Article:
Female swimming coaches abound in Washington boys swimming state meet

Cameron Smith

When one considers the fact that two high school swimming teams coached by women named Laura Halter and Chauntelle Johnson are heading toward state titles in Washington, nothing outwardly different stands out. Yet, there is something unique about Halter and Johnson's impending run at squad titles: They're leading boys swimming teams.

Issaquah boys swimming coach Laura Halter — IHS Swim and Dive

As reported by the Seattle Times, Halter -- who coaches the Issaquah (Wash.) High boys swimming team -- and Johnson -- who leads the Mercer Island boys squad -- represent a shifting sense of normalcy, where women coaching boys swimmers is no longer an aberration at all. In fact, exactly half of the head boys swimming coaches in the two largest conferences in Washington are female.

Part of the increased acceptance of women coaching boys in the pool comes from swimming's unique similarity between sexes. Strokes are no different regardless of who is performing them, and male coaches have long led female swim teams at the high school level and above, just as they have in other sports.

Could it be that swimming is just a more progressive sport? At least one Washington coach thought that might be the case.

"I've never noticed, never even thought about it," said Kamiak coach Chris Erickson, one of WesCo's male swim coaches. "They're just coaches, you know. Maybe we're just a little more advanced in swimming."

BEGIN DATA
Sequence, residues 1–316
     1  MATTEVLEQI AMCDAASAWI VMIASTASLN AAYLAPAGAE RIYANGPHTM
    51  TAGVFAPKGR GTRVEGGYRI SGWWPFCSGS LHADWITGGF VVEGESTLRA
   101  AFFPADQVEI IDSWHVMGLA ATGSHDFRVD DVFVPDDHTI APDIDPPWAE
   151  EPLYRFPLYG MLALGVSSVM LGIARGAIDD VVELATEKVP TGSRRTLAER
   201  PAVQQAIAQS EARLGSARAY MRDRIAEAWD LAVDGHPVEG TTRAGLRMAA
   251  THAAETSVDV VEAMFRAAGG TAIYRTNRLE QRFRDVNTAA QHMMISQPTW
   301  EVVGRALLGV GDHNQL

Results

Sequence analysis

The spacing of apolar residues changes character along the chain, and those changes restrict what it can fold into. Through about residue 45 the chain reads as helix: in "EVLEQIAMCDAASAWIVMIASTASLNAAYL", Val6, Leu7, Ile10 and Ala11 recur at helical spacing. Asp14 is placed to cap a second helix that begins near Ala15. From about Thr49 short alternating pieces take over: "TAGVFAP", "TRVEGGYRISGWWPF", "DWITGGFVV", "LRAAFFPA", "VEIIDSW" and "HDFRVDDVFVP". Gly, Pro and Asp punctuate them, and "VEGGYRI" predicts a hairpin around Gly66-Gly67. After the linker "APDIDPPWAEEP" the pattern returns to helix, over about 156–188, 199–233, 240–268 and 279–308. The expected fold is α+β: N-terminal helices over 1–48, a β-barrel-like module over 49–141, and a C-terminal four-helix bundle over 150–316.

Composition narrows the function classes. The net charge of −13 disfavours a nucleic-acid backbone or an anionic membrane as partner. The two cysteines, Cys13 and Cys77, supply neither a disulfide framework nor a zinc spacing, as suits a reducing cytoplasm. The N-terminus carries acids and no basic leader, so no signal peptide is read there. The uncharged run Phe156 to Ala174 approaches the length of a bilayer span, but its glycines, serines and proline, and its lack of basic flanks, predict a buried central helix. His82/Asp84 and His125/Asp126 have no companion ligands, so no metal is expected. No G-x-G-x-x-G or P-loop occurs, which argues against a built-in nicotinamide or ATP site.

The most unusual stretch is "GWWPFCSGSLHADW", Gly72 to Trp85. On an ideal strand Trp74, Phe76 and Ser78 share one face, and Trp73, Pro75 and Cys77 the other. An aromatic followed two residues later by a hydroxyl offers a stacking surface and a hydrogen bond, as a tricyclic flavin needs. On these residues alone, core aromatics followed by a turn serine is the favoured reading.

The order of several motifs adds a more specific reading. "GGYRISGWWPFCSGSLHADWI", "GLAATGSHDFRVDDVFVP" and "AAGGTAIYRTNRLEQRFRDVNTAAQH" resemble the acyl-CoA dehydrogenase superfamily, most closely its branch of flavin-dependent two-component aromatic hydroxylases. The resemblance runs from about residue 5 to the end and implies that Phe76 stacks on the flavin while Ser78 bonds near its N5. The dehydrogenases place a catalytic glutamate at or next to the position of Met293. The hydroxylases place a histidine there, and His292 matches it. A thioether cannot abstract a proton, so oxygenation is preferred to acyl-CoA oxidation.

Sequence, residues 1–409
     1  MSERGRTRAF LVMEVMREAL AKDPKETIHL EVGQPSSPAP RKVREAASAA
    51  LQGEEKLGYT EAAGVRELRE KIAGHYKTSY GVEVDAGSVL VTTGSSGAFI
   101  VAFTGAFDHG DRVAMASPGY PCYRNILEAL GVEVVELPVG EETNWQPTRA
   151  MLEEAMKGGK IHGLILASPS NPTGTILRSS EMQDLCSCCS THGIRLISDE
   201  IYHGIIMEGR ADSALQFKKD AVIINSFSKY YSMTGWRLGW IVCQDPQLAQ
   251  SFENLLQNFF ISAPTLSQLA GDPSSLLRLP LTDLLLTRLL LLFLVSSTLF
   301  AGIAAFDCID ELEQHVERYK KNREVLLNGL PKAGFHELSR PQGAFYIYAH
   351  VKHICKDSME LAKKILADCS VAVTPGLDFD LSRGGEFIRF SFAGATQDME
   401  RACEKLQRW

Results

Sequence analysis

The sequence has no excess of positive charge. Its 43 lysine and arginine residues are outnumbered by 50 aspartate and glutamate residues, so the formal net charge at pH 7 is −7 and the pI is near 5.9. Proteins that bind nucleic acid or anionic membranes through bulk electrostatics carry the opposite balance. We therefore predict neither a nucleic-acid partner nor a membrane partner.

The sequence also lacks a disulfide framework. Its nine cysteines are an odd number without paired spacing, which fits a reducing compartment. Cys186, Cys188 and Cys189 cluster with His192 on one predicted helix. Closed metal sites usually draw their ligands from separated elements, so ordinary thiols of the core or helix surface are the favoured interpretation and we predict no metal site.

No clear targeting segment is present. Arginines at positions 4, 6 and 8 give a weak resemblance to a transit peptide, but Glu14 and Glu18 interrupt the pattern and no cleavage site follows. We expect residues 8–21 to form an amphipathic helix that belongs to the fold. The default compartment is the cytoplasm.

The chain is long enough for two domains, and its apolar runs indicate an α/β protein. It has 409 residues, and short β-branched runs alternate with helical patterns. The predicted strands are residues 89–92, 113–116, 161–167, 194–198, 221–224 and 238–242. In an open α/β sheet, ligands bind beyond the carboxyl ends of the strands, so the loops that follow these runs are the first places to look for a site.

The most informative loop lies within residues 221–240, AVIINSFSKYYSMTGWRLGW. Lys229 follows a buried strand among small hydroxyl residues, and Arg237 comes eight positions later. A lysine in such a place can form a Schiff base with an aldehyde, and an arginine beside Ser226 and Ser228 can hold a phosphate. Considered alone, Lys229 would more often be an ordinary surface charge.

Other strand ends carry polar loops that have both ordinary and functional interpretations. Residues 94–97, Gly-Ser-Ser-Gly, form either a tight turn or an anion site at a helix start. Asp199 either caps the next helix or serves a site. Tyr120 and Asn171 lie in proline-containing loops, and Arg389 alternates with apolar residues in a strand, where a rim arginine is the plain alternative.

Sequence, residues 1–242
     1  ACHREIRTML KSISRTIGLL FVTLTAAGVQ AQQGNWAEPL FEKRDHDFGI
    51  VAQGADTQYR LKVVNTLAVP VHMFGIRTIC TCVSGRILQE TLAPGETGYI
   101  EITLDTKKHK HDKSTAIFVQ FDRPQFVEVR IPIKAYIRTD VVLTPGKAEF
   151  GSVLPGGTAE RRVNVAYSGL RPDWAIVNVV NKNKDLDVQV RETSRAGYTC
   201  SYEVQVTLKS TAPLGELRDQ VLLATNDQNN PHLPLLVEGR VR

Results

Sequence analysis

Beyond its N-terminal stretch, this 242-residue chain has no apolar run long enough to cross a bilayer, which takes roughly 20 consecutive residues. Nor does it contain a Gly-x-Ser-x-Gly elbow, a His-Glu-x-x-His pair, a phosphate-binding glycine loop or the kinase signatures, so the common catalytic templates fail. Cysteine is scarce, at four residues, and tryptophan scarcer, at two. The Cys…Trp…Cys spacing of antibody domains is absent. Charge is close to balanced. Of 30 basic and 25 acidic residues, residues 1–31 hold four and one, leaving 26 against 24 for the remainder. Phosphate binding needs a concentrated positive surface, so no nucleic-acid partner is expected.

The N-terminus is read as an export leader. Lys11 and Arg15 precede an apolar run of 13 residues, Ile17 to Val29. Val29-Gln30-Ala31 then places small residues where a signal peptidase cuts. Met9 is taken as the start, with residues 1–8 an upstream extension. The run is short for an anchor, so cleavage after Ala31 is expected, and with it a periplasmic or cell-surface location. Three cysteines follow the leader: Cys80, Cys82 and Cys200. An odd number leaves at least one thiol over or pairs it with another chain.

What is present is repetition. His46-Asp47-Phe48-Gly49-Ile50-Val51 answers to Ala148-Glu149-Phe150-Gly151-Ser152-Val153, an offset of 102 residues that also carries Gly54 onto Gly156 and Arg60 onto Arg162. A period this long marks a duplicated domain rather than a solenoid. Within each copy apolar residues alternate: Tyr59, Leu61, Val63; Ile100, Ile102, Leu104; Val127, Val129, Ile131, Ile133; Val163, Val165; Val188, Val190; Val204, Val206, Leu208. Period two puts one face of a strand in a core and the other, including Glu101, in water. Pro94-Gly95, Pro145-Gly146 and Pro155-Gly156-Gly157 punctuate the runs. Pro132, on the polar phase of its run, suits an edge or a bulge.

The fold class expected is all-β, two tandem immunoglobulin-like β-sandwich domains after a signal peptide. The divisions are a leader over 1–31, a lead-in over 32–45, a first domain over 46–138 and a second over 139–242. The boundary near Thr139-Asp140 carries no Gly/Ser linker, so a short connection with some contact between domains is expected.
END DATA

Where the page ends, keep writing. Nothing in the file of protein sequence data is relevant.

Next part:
For her part, Halter said that she's received nothing but support since she joined the program. In fact, she even said there are parts of coaching boys that she actually enjoys more than working with girls teams.

"I can say that all the men have been very welcoming when women come on," Halter told the Times. "They treat us very equally. These coaches are some of the most professional people I've ever worked with in my life.

"Girls take things personally. With the boys, you tell it like it is. That's the way they want to hear it."

Naturally, the success of female coaches around a male pool doesn't mean that hordes of female coaches will begin to pop up in other sports overnight. Still, it proves that there's nothing inherent in the difference between the sexes that keeps women from succeeding when leading groups of men in sports when they have the needed experience.

In fact, Halter even intimated that after the success she's had with coaching boys swimming, she feels she could have coached boys in another sport if she had competed in it herself in the past. Perhaps one day, she and more like her will get more of those chances.

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